Is the African Union Capable of Defeating Boko Haram?
Boko Haram has created havoc across Africa in recent years. In its relentless efforts to establish an Islamic Caliphate on the continent, its fighters have assassinated politicians, blown up markets and kidnapped schoolgirls. Initially African nations seemed to be unsuccessful in dealing with the chaos propagated by the group, but since last year there is a more united front in the form of the African Union Multinational Joint Task Force (MNJTF), whose joint efforts to tackle Boko Haram have proved largely successful.
Despite doubts over whether the MNJTF would actually lead to more troops tackling the issue or if it was just an example of “rehatting” soldiers who were already engaged in the fight, soldiers from Chad, Niger, Cameroon, and Benin have helped Nigeria successfully retake most of the territory that had previously been claimed by the extremist group, proving that African national armies are capable of coordinating such efforts effectively. For example, only last month in the Nigerian village of Kumshe, Cameroonian and Nigerian forces killed 92 members of the Islamist group, freeing some 850 villagers.
This victory came just over a year after the humiliating offensive in January 2015, which saw MNJTF troops abandon their posts at their base outside Baga, Nigeria as they were attacked by Boko Haram from “all directions.”
At the time, a senator from Borno, the region where the MNJTF base was located, commented that “there is definitely something wrong that makes our military abandon their posts each time there is an attack from Boko Haram.”
African nations have since worked together to tackle this “something wrong” by supplying the military might needed to tackle the threat posed by Boko Haram. For example in May 2015, Chad, whose president Idriss Deby is the current chair of the African Union (AU), began his tenure with a renewed desire to bring down the terrorist group. In one of his first addresses as head of the AU, Deby unequivocally stated “Our organisation acts as it has for the past 20 or 30 years: we meet often, we talk too much, we always write a lot, but we don’t do enough.” The president has contributed a large chunk of the 8,700 troops fighting the insurgents and has agreed to host the new MNJTF headquarters in Chad’s capital, N’Djamena.
This new cross-border capability is clearly having an impact. It is a bittersweet success that Boko Haram has been forced to resort to suicide attacks since it can no longer rely on seizing and controlling territory. In August of last year, ten members of the group were executed in Chad for their role in a suicide blast two months earlier which killed 38 people, the death penalty having been hurriedly reintroduced by Deby for acts of terror in the wake of the atrocity. And only last month, two suicide bombers killed at least 12 people and injured 50 more in a market in Meme, northern Cameroon.
The efforts of the African nations have been reinforced by support from overseas, albeit rather limited in quantity. In September, France promised to provide equipment to help beat the terrorists as well as sharing intelligence.The US is also supporting the MNJTF through its annual ‘Flintock’ counter-terrorism initiative which provides US Army trainers to help African armies develop their skills. And in October, the US bolstered Cameroonian forces by sending 90 troops to the African nation. In a letter sent under the War Powers Resolution, Obama said that the total number of US military personnel would eventually rise to approximately 300 and would provide airborne intelligence, surveillance and other reconnaissance operations.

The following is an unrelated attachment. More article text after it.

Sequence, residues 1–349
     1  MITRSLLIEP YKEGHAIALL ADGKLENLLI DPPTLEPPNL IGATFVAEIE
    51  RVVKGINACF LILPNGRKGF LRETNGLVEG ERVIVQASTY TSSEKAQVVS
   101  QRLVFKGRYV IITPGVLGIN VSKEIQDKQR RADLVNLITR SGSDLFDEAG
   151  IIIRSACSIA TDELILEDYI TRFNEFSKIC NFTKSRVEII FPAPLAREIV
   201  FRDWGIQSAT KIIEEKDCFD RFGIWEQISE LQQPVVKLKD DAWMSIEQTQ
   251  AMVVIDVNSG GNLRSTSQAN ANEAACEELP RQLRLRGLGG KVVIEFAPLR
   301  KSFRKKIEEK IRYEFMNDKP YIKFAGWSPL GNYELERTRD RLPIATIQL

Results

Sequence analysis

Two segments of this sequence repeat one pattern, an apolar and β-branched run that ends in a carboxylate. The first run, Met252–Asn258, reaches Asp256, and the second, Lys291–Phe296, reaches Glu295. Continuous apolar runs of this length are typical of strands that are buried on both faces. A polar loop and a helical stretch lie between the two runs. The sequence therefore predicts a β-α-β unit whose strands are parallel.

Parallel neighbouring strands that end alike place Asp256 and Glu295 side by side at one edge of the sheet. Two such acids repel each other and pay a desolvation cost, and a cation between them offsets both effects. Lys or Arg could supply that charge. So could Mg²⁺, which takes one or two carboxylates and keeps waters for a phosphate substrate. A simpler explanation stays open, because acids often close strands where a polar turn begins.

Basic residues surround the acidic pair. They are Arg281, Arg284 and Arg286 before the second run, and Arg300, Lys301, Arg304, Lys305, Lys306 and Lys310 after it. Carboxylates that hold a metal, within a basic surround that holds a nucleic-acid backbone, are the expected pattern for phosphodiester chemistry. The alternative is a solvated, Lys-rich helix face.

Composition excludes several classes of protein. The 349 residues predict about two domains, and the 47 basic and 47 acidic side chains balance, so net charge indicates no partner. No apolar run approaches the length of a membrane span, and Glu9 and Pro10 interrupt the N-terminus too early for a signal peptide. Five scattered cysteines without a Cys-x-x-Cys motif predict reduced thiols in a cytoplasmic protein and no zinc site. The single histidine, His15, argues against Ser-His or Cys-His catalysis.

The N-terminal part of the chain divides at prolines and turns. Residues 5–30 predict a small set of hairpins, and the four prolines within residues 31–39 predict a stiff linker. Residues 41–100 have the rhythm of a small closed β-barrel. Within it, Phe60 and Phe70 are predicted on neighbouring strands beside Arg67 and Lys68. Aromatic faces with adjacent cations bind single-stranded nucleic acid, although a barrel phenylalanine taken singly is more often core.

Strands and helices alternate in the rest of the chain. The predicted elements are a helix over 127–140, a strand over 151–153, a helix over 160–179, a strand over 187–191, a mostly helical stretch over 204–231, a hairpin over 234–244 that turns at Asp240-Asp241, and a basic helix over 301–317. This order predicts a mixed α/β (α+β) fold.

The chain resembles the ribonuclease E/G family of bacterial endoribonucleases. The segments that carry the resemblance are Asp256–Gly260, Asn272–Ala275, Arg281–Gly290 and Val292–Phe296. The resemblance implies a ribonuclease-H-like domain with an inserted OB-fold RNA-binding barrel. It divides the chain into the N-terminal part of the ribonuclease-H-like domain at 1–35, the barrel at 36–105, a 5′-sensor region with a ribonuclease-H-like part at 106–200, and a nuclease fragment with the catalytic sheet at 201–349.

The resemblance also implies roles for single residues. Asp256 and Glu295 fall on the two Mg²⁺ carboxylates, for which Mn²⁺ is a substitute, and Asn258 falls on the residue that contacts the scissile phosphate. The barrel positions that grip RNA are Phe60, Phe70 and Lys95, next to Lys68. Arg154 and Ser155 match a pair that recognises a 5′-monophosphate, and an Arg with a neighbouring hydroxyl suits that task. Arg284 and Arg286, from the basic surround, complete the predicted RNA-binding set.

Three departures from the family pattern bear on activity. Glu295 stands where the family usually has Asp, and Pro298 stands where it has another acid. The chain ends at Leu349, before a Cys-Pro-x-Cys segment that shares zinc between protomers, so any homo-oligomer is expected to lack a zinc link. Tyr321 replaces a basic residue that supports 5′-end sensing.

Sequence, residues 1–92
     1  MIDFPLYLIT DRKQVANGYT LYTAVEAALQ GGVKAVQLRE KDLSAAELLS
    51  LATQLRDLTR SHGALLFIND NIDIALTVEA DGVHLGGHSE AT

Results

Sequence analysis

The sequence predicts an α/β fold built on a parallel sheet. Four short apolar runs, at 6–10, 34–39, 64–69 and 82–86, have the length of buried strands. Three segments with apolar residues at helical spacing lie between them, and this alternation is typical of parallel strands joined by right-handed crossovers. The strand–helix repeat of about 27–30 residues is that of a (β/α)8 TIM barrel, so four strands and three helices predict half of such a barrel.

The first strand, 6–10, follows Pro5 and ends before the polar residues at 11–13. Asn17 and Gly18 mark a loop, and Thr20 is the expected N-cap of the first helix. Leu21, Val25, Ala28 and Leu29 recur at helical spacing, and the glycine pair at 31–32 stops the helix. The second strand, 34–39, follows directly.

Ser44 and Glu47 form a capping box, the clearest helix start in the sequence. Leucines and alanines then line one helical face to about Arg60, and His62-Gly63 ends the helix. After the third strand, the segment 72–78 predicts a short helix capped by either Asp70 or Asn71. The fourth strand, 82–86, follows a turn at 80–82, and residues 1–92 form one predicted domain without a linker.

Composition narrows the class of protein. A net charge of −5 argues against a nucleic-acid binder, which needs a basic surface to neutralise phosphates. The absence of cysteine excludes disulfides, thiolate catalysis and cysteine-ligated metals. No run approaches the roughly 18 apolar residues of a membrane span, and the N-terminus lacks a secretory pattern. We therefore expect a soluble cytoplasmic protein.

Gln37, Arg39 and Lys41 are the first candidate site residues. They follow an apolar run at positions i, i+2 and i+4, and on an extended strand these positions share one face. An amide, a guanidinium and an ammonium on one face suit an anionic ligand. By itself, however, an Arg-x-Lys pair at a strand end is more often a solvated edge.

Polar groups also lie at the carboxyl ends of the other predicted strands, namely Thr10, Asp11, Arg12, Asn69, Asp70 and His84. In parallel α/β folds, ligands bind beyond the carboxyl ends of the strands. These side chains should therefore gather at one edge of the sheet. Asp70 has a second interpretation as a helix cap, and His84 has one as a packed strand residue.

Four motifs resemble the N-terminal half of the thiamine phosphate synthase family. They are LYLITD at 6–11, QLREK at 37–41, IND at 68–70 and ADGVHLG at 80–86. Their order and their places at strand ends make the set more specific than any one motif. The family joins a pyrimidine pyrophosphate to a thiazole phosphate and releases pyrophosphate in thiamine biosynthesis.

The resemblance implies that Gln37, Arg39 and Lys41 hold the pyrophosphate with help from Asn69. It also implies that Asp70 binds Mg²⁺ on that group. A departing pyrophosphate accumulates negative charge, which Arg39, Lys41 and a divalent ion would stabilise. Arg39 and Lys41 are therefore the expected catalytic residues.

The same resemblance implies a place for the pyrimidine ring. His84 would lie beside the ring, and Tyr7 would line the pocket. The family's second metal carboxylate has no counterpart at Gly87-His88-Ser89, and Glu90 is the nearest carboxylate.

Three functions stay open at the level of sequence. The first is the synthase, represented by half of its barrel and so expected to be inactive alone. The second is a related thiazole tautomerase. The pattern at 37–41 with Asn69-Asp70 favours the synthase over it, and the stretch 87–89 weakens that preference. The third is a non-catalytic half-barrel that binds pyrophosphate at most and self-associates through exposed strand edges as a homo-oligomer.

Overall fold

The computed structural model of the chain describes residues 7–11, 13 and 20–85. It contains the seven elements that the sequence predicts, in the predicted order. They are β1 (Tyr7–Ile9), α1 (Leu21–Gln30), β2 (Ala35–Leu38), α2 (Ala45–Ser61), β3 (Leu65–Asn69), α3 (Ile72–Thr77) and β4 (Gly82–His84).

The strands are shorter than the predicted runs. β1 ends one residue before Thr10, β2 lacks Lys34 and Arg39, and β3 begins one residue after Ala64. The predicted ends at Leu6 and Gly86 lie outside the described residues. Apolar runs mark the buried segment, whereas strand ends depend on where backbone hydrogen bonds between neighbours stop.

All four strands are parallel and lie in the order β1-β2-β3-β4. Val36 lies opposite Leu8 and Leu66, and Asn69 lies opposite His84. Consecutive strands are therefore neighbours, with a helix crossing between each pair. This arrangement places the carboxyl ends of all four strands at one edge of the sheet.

Much has been achieved so far in the fight against Boko Haram. There is clearly a model for cooperation between African states, but progress will be stymied until the barriers impeding the MNJTF are addressed, such as the rather negligible size of the army in comparison with the task in hand, a shaky command structure and a limited geographical scope which means that the force doesn’t have a mandate to do much more than intercept Boko Haram forces moving through border areas around Lake Chad.
Many of these issues can be traced back to Nigeria’s reluctance to relinquish the reins to neighboring states, even when it is in its own interests to do so. Combined, these factors mean that the MNJTF in its current incarnation will be unlikely to defeat Boko Haram. However, thanks to the involvement of regional leaders, that could change rapidly. Since Deby assumed the presidency of the AU, the Chadian leader has mobilized the resources of the organization and has orchestrated a stronger push against the terrorist group. The first results are already there, as on March 4th, the AU greenlit an expansion of the MNJTF to 10,000 troops.
In February, the Commander of the Multinational Joint Task Force (MNJTF), Major General Lamidi Adeosun, stated that he could now “categorically state that the Multinational Joint Task Force is now fully operational and functioning in its fight against the insurgency.” At the moment, that statement seems somewhat hyperbolic, but with the right support and troops it could well become a reality. And if it so chooses, the international community could make this happen sooner. The US’ recent announcement that it will send dozens of Special Operations advisors to support Nigeria and its allies in the war against Boko Haram is a step in the right direction. Other international powers with the expertise and capacity to provide support should be encouraged to follow suit in order to help Africa rid itself of the scourge of Boko Haram as quickly as possible.
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